"I still remember the aftermath of it all. It was a hit-and-run, but no-one was ever convicted. The way I looked at it was that the man didn't get into the car that day with the intention of running down a child. It was an accident. It wasn't a deliberate act.

"So, therefore, I felt that I had nothing to forgive. He didn't do it to me, he did it to Phoebe and it's up to her to forgive. But I brought Phoebe up with a mind that she should forgive him and she has said to me that she does. Yes, he didn't come back, but that in itself is pretty understandable. He had just run over a child and he probably panicked.

"We don't actually think about it much. There could be days or months when we don't think about him at all. Because he does not factor in our lives. Dwelling on him would give him too much significance in our lives. As far as I'm concerned he is completely insignificant."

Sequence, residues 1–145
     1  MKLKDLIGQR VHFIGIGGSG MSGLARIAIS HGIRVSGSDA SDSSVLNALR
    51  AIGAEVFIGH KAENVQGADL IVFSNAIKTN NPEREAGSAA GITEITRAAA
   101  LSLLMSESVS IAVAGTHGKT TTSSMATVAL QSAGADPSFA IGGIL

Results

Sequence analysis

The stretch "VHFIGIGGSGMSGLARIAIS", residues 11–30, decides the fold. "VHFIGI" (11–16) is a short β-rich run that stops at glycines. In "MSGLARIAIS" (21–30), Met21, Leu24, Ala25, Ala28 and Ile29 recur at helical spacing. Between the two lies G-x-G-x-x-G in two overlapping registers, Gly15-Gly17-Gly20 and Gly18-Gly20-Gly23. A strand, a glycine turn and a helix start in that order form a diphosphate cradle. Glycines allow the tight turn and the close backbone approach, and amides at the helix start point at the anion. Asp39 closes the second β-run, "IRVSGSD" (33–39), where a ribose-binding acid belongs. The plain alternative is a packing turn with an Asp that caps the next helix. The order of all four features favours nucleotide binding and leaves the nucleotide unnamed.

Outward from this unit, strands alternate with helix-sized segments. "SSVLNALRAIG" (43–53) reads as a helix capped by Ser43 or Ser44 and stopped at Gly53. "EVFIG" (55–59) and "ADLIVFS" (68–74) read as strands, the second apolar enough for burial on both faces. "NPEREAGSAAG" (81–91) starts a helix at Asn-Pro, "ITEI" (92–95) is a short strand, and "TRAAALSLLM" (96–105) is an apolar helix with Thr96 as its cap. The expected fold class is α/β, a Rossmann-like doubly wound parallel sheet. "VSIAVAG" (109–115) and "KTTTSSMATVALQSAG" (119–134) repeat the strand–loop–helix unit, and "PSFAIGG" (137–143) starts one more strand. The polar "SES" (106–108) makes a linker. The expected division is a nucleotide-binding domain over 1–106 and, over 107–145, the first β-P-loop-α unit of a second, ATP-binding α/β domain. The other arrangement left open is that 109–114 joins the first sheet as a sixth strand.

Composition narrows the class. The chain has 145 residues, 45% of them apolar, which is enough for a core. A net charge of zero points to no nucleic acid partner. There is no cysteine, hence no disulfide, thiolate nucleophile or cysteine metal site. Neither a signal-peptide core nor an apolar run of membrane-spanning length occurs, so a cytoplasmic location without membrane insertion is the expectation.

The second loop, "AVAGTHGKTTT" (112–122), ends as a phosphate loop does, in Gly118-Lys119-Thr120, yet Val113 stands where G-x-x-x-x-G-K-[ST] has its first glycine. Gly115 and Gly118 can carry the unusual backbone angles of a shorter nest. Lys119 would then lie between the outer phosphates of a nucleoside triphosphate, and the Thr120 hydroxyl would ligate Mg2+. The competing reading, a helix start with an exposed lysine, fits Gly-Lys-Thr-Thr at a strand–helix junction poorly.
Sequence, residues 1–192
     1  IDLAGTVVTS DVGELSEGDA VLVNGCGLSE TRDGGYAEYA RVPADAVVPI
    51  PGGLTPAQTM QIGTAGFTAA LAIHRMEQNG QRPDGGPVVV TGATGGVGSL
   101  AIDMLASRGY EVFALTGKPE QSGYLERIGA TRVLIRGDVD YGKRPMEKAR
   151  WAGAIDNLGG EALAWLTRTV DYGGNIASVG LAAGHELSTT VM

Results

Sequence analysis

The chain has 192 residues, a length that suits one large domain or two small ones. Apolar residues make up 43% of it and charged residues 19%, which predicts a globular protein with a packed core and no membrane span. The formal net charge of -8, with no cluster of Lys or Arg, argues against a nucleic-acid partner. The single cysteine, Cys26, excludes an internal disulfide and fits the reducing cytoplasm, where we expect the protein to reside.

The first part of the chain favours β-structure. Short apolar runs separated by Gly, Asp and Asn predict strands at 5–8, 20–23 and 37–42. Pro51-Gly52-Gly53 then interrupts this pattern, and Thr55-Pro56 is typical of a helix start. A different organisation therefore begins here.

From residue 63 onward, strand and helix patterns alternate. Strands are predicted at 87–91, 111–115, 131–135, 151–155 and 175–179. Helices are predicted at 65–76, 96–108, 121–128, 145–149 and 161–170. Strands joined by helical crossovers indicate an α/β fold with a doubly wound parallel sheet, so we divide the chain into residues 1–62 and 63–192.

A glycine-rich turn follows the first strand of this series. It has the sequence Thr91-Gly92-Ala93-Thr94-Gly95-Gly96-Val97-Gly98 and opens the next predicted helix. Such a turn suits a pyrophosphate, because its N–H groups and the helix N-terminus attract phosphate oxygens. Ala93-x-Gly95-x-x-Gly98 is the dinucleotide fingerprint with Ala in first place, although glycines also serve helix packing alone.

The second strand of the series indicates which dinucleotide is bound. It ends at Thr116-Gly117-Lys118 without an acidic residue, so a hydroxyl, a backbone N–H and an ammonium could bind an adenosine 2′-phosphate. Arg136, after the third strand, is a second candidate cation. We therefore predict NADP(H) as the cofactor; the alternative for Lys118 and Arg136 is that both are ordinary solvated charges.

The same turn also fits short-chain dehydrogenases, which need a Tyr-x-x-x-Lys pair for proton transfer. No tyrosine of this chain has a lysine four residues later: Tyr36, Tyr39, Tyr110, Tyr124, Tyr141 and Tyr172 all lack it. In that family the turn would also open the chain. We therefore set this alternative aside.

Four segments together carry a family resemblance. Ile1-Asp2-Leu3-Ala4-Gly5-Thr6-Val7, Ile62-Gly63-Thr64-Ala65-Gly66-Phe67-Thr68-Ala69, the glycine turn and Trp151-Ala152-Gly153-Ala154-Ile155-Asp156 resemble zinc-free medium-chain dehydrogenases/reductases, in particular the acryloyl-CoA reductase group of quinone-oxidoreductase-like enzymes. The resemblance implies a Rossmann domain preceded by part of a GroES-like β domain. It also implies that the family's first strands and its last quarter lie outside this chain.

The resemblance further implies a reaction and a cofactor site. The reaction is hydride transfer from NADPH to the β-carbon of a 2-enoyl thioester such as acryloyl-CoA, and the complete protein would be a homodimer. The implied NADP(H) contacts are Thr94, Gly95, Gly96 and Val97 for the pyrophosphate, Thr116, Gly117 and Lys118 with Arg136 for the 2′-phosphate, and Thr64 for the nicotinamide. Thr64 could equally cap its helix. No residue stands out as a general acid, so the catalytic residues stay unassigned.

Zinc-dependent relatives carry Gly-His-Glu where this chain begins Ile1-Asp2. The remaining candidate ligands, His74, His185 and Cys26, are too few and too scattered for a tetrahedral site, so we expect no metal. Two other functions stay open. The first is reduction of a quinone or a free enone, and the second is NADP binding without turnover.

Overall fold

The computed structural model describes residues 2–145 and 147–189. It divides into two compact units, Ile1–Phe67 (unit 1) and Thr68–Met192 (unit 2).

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Jane says she was determined that her daughter would have as normal a life as possible.

"I have a strong faith and that carried me through that period of my life," she says. "My determination was that yes, she was disabled, but I didn't want to add to her disability, so I pushed to get her into a mainstream school, who were amazing, so that she could get the best chance academically that she could get. She has her GCSEs and A-levels and is now in third level education.